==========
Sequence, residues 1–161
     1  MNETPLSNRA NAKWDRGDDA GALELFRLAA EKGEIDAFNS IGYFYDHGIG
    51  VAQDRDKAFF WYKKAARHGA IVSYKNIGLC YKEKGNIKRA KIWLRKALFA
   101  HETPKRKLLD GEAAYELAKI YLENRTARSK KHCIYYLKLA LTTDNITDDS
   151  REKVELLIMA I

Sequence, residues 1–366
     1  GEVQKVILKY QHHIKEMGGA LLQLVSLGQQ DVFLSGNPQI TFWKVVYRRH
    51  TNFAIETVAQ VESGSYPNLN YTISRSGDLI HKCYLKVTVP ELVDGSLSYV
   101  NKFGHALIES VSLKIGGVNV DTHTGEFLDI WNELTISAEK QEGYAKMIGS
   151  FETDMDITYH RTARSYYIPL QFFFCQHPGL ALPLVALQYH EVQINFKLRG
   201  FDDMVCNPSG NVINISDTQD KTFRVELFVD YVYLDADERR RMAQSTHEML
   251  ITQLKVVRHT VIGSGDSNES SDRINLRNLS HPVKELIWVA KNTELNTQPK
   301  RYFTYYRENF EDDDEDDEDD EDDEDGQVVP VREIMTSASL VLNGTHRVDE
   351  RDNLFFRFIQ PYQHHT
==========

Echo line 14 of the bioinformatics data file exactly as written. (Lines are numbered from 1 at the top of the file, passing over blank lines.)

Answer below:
   351  RDNLFFRFIQ PYQHHT